What Do You Want?

by beccaborrelli


What do you want at school, kiddo?

“Who are YOU?” asks the kiddo.

I am your voice.

“I’m talking to myself?”

Yes. All people can talk to themselves.

“How come more people don’t talk about it? I mean, that’s pretty neat. I like the idea of having a voice. Well I want a pizza party.”

A pizza party?

“Yes! Pizza is soo good. Pizza means my class earned 30 gold stars in a row. Pizza means my teacher is proud of us for being good boys and girls.”

Pizza sounds like what your teacher has chosen for the reward. What do you want from school? What is your personal reward?

“Well, I also want stickers.”


“Yeah… like scratch and sniff! Stickers mean I got a good grade. Stickers make mom and dad happy. Stickers show all of my teachers I am a smart person. I also really want to be student of the month! My picture will go outside of the office. Student of the month gets to have lunch with important people like the principal. My friends will see I have outstanding character!”

Everything you’re telling me is about what other people will think. What do you think?

“Well… I think making other people happy makes me feel happy!”

How do you make yourself feel happy? What do you love so much– if you never won a pizza party, sticker or award, you would still do it?


“I guess I see what you’re saying. But what does that have to do with school?

Knowing what you want is important. It is the key to your happiness. It is the thing you were put here to do.

“Welp, no offense voice, but I’m too young to know that stuff. Grown ups know the key to happiness. When I do what I want it causes problems. Do you remember the other day when I listened to you? I didn’t do my homework because playing in the creek hunting for treasures was what I wanted to do. I got a zero for my homework grade that next day! My mom was so sad. I’m going to grow up and get a job, I can’t just do what I want. I have to learn life’s not about what I want. When I listen to you I get in trouble. I’m really sorry but I don’t think I can listen to you anymore.”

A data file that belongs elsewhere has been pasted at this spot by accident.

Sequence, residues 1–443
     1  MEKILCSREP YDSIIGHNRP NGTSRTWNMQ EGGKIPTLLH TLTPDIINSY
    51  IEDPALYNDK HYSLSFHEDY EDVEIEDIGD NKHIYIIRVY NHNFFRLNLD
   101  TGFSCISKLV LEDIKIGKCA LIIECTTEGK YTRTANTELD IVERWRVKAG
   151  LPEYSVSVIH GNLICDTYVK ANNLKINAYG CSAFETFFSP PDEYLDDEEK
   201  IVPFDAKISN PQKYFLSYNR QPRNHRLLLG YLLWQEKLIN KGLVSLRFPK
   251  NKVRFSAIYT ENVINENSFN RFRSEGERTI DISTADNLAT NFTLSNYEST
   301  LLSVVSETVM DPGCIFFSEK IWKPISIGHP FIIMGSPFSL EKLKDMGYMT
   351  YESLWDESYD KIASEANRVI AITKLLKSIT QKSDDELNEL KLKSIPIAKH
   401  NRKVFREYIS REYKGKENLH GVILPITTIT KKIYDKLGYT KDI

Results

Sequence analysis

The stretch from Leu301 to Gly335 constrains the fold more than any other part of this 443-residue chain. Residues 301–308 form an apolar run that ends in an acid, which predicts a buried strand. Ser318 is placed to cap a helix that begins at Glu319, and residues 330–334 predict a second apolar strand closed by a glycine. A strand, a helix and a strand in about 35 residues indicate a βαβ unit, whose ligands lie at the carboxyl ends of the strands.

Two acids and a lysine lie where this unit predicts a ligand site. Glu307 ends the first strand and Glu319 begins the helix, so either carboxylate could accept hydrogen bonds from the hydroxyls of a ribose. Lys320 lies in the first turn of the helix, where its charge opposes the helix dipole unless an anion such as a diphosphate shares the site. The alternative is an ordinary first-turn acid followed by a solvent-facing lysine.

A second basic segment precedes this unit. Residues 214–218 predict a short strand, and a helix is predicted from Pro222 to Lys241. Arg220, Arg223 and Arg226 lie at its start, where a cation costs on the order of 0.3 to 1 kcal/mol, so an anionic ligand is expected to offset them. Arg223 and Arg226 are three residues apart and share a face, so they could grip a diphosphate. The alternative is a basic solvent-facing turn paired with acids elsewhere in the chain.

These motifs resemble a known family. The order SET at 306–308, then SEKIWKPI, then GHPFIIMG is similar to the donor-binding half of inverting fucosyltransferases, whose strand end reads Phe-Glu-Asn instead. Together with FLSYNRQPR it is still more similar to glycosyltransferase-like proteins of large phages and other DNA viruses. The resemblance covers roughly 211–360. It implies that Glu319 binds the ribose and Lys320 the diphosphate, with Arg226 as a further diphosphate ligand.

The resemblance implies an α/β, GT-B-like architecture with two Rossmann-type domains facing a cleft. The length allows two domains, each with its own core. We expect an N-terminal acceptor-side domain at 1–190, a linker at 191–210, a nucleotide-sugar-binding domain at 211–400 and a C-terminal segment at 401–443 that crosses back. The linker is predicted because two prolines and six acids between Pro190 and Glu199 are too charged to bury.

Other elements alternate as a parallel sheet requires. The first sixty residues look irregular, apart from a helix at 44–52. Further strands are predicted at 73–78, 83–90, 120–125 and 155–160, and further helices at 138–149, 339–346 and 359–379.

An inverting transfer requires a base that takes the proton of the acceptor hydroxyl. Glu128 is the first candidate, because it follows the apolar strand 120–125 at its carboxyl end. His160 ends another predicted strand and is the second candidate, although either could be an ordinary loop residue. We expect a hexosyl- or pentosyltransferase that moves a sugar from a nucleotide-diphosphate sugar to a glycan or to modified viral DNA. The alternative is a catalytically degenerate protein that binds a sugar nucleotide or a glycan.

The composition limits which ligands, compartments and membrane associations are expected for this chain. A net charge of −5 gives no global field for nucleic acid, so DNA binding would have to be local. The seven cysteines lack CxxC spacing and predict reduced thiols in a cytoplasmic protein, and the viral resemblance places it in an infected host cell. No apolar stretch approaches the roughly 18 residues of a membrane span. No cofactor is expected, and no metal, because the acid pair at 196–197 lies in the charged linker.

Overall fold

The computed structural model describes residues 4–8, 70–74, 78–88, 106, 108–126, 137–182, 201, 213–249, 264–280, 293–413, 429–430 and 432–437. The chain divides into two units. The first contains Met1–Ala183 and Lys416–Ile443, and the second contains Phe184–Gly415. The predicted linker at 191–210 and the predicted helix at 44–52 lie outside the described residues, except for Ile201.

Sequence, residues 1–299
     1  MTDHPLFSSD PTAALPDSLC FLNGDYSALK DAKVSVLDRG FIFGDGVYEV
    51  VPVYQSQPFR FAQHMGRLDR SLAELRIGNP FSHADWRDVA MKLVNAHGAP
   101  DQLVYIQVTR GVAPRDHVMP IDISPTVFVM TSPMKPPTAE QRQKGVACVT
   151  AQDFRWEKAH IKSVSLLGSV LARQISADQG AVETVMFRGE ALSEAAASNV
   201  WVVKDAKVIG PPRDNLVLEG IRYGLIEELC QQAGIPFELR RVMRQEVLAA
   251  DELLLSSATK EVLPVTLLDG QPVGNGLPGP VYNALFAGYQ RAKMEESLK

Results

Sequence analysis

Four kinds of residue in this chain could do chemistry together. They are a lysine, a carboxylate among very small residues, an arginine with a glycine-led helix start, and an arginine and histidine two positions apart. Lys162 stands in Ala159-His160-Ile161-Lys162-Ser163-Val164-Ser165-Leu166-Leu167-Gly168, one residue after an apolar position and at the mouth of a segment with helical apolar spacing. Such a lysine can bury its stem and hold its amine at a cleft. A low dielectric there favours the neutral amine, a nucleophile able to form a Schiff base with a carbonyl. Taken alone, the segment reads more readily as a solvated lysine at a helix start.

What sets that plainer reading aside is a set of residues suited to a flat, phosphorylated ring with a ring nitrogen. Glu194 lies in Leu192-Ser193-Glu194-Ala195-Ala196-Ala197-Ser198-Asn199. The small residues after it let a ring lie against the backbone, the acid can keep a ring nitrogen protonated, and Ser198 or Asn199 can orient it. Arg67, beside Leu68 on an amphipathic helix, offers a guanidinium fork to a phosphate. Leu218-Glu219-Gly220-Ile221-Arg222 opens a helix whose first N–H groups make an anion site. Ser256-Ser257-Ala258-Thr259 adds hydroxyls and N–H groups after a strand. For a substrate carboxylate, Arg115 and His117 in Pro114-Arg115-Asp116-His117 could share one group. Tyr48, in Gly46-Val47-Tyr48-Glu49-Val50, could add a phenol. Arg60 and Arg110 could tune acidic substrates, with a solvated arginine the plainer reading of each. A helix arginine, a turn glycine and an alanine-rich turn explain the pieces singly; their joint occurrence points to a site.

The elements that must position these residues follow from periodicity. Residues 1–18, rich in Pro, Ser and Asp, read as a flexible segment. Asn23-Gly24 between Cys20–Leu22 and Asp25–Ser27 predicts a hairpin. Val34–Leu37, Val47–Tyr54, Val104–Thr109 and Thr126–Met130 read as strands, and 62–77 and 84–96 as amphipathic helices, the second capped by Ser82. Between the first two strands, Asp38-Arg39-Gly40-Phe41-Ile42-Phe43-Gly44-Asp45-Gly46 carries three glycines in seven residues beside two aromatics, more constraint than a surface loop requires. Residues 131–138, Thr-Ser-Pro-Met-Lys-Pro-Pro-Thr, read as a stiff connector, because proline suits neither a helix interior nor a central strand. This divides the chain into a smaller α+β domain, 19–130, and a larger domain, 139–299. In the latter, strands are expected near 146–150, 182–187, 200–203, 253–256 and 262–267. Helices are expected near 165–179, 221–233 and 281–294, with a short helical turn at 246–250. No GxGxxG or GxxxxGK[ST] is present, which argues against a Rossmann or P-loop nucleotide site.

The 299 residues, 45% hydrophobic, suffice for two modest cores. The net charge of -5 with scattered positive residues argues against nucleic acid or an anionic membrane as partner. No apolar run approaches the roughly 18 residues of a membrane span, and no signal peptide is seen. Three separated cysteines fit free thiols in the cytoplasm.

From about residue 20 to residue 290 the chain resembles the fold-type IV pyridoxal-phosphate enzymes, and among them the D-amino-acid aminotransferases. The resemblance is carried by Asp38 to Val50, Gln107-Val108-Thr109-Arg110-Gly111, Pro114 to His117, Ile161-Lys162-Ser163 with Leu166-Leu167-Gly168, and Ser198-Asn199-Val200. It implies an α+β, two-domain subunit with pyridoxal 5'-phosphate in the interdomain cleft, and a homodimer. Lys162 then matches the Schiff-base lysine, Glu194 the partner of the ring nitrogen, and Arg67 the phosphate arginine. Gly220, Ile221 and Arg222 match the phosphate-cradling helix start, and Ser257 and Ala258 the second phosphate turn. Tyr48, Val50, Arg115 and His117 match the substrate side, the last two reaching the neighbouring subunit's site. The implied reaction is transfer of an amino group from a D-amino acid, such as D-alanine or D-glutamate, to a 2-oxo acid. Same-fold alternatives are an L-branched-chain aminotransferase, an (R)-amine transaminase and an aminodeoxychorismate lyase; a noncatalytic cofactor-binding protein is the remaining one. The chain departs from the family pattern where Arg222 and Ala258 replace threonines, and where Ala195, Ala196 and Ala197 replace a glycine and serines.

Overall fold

“What do you want Rebecca???!”

Tears were welling up.

His voice was loud and exasperated.

“Stop thinking about what I want. Forget about your family or students, and all the other teachers you work with. What do YOU want??”

The question hit me. It felt like a stinging slap. It was not a loaded question– it was honest and raw. There was nowhere to hide.

I didn’t know.

I was 28 years old at the time. I opened my mouth to answer and no words felt right.

Everything I wanted was a gold star. A pizza party.

{What do you want Rebecca?}

I had a coveted job doing work I loved. I had money. I had taught kids in Haiti. Biked northern Italy. Driven cross country and spent a whole summer in the mountains with a best friend and my sister. I had a beautiful blue road bike. I went to Spinning class every morning. I journaled. I blogged. I had a great life.

Why didn’t I want this?

What was wrong with me?

The question echoed in my mind every day. It banged around between my ears in the quiet still before I fell asleep each night. How would I find an answer? I hadn’t learned this in school… in college… at work…

um, Rebecca….? 

I stopped.

Excuse me, may I say something?

Who are you? I asked nervously.

I’m your voice. it said softly.

I’m here to help…

…of course only if you want me to.


Spent one week in Ohio before flying back to Austin and start my research.